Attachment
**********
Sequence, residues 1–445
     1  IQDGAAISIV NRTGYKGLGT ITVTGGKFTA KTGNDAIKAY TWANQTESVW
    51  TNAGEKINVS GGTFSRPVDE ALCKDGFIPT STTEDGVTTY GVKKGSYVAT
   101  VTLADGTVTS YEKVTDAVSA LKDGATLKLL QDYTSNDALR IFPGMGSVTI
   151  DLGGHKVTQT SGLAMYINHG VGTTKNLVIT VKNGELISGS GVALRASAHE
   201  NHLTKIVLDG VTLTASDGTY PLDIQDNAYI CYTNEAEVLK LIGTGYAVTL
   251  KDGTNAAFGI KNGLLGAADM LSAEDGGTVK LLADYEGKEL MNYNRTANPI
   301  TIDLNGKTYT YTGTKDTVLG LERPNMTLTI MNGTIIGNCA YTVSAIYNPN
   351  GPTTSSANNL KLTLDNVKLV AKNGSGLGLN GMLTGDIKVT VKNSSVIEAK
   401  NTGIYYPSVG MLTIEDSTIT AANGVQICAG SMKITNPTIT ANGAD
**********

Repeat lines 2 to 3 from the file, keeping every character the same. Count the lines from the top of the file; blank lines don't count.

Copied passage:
     1  IQDGAAISIV NRTGYKGLGT ITVTGGKFTA KTGNDAIKAY TWANQTESVW
    51  TNAGEKINVS GGTFSRPVDE ALCKDGFIPT STTEDGVTTY GVKKGSYVAT